What has writing horror taught you about the world and yourself?
That we are so much stronger than we give ourselves credit for. There are so many things we can do—things we never imagined we might have to—when the stakes are high enough. And in today’s world the stakes are incredibly high. So, horror has taught me to face my fears, speak up, and do whatever I can to help people. (Unless it’s spiders, then you might be on your own.)
How have you seen the horror genre change over the years? And how do you think it will continue to evolve?
What’s interesting about horror is it is very cyclical. The ‘60s felt political, the ‘70s gritty and raw, the ‘80s franchise slashers, the ‘90s teen horror and the ‘00s more real and terrifying. No matter the era, it was always a roller coaster ride, though I am partial to genre films that lean into the fun as opposed to the abject terror without relief. Now I think we’re seeing horror take on real world issues in a way that is scary, but smart and timely. Racism, sexism, homophobia, misogyny, family dynamics, and more. I hope the trend of smart, scary horror that shines a light on difficult issues in a way only horror can will continue. Horror has always been the one genre able to tackle a topic like none other. To show society a mirror and force it to confront itself on all its ills. In its quest to scare, horror is unafraid to be a voice for those who feel voiceless. I hope that continues in a way that is entertaining and fun—even if we’re screaming.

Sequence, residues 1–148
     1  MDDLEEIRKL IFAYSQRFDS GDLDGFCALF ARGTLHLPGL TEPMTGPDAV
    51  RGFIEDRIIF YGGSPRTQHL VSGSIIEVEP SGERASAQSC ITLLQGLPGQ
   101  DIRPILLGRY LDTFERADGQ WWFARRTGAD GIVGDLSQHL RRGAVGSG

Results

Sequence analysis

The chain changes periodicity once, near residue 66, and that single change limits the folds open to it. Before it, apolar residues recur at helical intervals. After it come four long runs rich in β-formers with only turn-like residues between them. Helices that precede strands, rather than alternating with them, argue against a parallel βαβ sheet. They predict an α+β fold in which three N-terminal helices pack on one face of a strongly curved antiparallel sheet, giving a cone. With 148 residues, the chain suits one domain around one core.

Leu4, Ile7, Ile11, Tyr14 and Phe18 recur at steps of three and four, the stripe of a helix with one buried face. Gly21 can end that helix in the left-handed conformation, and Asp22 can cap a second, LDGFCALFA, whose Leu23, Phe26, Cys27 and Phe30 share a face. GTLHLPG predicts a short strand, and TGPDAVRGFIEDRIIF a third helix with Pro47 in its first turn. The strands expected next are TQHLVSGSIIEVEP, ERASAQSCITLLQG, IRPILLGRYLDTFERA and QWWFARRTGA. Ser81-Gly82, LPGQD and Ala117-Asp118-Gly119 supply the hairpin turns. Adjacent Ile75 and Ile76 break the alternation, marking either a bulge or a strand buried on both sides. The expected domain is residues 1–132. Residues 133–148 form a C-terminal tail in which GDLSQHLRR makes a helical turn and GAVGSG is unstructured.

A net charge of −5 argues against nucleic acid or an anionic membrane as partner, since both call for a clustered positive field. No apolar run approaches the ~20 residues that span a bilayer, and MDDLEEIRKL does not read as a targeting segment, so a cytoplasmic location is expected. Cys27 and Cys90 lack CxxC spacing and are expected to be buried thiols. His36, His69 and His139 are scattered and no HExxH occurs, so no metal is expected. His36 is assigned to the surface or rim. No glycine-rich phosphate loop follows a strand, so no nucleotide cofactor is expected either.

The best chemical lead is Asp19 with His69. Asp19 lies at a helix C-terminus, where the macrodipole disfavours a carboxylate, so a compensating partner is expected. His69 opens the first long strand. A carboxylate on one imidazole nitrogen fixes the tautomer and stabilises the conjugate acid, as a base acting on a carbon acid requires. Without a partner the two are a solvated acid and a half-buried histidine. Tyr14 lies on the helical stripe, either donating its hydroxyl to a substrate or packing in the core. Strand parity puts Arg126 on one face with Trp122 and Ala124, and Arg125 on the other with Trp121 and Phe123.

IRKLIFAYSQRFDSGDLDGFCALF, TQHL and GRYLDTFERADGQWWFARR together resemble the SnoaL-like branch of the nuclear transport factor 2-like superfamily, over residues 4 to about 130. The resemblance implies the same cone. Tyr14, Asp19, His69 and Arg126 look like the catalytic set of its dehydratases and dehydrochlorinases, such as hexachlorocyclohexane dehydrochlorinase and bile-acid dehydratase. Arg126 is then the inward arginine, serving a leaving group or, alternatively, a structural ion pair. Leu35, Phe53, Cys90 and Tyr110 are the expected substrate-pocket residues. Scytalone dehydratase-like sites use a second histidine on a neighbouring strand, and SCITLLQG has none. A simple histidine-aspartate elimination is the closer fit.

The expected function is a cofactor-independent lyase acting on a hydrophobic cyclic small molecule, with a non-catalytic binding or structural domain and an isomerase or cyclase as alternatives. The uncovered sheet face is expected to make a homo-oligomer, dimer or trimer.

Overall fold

How do you feel the LGBTQ community has been represented thus far in the genre and what hopes do you have for representation in the genre going forward?